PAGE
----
Preface

Among the few enumerated powers given to the federal government by the U.S. Constitu­tion are those pertaining to its responsibil­ity to provide for the security of the United States of America. Unlike so many things the government does that can arguably be done more effectively and efficiently by the states or the people themselves, the defense of our country and its interests can only be done effectively and efficiently by the fed­eral government. When our government fails in this responsibility, it undermines the foundation upon which all other aspects of our country are built or made possible.

The vision of The Heritage Foundation is “to build an America where freedom, opportunity, prosper­ity, and civil society flourish.” Arguably this begins with ensuring an America that does not have to fear the threats of foreign powers, that is strong enough to protect its people and defend its interests abroad, and that earns the respect, friendship, and support of like-minded countries around the world to the benefit of our people.

But if our government is to “provide for the com­mon Defence and general Welfare of the United States”1 it seems reasonable that it would take pains to know just what it needs to do so, based on a set of clearly articulated national interests and an under­standing of threats to those interests. Further, the citizenry of the United States would be reasonable to expect that their government regularly and con­sistently reviews such matters to ensure the military capabilities of America are always sufficient to fulfill the purpose for which they are raised and sustained in the first place—to ensure that our country and its interests are protected. Unfortunately, this does not happen.

Our federal government has no consistent, stan­dardized, and publicly accessible approach to reviewing on a year-by-year basis America’s ability to defend its interests. Congress concluded much the same thing in 1996 when it mandated that a “com­prehensive examination of the defense strategy, force structure, force modernization plans, infra­structure, budget plan, and other elements of the defense program and policies” was needed and that such a review should be completed by the Secretary of Defense every four years.2 However, what started as a good idea to impose discipline on the process of linking the ends, ways, and means of national defense quickly devolved into a bureaucratic exer­cise in program justification devoid of the strategic outlook mandated by Congress. As a result, there is no consistent reference available to Congress, to the American people, or even to the military by which one can ascertain whether America’s security condi­tion is improving or degrading from one year to thenext. By extension, it is hard to know whether the taxes paid by Americans and spent on defense are actually being put to good use.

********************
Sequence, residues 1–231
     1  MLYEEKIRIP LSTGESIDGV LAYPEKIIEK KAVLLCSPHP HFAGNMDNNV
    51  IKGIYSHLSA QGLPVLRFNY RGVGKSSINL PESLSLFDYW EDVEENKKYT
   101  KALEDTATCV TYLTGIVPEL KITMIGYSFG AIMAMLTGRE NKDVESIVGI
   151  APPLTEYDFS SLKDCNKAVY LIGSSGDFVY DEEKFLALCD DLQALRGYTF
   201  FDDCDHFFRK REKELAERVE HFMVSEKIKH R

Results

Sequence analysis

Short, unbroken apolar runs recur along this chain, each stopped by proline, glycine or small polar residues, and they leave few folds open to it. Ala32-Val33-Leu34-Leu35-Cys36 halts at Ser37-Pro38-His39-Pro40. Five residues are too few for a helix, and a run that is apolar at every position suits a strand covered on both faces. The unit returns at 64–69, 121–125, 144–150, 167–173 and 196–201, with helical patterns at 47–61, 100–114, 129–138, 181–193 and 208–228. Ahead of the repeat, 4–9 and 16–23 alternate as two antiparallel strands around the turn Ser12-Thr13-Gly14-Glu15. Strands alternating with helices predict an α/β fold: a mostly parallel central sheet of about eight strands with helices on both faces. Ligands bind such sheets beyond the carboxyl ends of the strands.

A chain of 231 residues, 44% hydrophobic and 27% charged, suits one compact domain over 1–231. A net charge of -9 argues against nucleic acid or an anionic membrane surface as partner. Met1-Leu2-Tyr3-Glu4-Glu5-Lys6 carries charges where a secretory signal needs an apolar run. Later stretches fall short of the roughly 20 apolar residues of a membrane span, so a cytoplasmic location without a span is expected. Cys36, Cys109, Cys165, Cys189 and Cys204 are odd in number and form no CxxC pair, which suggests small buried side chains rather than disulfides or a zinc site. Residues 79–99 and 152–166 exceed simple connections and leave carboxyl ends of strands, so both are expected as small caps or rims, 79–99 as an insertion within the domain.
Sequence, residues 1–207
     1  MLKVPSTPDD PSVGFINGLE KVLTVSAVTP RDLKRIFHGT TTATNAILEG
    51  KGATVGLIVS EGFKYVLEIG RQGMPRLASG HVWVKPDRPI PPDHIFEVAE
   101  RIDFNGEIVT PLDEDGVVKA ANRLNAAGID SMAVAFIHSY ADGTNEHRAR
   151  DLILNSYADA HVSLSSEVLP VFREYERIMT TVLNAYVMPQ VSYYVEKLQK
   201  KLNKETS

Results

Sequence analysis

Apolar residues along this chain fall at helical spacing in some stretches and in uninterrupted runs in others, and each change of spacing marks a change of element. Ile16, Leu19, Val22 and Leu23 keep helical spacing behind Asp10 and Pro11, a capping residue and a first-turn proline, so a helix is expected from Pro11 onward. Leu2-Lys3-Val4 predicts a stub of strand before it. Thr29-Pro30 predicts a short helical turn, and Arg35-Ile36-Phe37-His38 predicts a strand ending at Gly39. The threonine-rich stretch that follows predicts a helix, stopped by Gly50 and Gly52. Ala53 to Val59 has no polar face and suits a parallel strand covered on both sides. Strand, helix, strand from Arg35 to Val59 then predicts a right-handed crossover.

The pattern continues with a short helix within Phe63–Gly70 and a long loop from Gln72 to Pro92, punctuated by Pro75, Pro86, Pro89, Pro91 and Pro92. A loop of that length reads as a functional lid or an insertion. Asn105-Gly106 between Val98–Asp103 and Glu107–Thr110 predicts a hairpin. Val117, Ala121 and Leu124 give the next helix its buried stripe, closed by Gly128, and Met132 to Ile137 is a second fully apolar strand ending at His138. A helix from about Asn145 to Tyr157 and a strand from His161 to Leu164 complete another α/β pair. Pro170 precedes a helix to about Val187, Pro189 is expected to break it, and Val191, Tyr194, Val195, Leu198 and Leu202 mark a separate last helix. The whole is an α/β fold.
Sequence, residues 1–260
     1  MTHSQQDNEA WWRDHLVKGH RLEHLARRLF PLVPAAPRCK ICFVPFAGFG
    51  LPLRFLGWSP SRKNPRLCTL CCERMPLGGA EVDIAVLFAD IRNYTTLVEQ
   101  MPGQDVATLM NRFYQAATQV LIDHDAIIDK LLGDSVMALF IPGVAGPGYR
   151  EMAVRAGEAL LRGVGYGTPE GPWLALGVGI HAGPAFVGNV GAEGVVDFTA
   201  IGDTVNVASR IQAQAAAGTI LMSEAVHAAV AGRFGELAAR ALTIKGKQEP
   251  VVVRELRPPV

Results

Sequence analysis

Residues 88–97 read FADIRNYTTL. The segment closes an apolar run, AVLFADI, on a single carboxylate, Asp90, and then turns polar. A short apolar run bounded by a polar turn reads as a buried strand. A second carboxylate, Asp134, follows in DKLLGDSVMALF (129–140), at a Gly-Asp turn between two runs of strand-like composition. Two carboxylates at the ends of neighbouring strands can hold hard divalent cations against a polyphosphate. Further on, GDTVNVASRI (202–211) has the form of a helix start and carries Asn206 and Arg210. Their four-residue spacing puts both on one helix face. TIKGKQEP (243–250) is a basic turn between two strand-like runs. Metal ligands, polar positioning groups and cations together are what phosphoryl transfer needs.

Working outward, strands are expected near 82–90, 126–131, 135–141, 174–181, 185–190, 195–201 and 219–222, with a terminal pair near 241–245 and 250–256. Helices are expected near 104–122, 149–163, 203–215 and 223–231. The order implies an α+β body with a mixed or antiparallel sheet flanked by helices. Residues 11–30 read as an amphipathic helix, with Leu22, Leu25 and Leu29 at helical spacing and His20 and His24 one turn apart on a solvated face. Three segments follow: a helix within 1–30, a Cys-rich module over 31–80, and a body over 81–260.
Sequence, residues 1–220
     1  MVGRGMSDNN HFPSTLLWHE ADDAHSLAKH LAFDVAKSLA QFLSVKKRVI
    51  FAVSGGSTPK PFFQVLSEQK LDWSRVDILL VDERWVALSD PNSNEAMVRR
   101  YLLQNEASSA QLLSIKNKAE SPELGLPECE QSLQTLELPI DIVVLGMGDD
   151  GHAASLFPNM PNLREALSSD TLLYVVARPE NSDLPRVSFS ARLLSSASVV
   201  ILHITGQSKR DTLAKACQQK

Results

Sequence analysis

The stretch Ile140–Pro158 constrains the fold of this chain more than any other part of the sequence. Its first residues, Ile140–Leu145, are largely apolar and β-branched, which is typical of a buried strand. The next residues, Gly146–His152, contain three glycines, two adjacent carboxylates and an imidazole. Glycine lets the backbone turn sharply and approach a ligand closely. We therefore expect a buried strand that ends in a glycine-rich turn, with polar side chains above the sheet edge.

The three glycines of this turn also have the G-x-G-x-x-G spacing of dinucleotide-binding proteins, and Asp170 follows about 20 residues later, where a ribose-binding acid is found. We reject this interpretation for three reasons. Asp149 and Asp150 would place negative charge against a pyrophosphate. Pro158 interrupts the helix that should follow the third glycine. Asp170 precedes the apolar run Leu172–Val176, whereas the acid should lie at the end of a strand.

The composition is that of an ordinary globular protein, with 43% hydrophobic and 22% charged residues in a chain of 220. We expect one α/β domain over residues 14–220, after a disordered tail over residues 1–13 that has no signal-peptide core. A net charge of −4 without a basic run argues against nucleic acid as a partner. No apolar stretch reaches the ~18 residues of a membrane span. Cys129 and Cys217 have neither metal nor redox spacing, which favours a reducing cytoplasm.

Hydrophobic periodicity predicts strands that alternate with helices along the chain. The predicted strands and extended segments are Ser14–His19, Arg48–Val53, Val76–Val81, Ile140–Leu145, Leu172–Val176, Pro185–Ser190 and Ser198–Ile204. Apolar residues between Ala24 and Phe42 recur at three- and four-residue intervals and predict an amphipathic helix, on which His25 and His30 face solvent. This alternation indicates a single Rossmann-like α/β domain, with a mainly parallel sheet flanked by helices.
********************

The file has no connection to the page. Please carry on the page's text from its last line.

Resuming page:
We harbor no illusion that we can replicate the detailed analysis that the military services are capable of performing. But we are confident in our ability to identify the vital interests of our country, assess the condition of our world and the challeng­es posed by competitors, and report on the status of our nation’s military forces given the wealth of information that is publicly available and reported to Congress by the Department of Defense and the military services.

This inaugural edition of The Heritage Founda­tion’s Index of U.S. Military Strength presents our research and findings. We have marshalled a remarkable array of talent, experience, and judg­ment not only from within our own team but also from a wide range of subject matter experts in aca­demia, the defense analytic community, industry, government agencies, and the military establish­ment who generously contributed their time and tal­ents to this effort, most often with no desire for pub­lic acknowledgement.

It is our hope that Members of Congress, their staffs, our nation’s security professionals, and all Americans who have an interest in the security, freedom, and future of our country find this Index of use in discussing the condition of America’s mili­tary strength.

Jim DeMint, President
The Heritage Foundation
January 2015

Endnotes
  1. U.S. Constitution, Article 1 Section 8. []
  2. National Defense Authorization Act for Fiscal Year 1997, Public Law 104–201, § 923, (accessed December 19, 2014). []

Assessing America's Ability to Provide for the Common Defense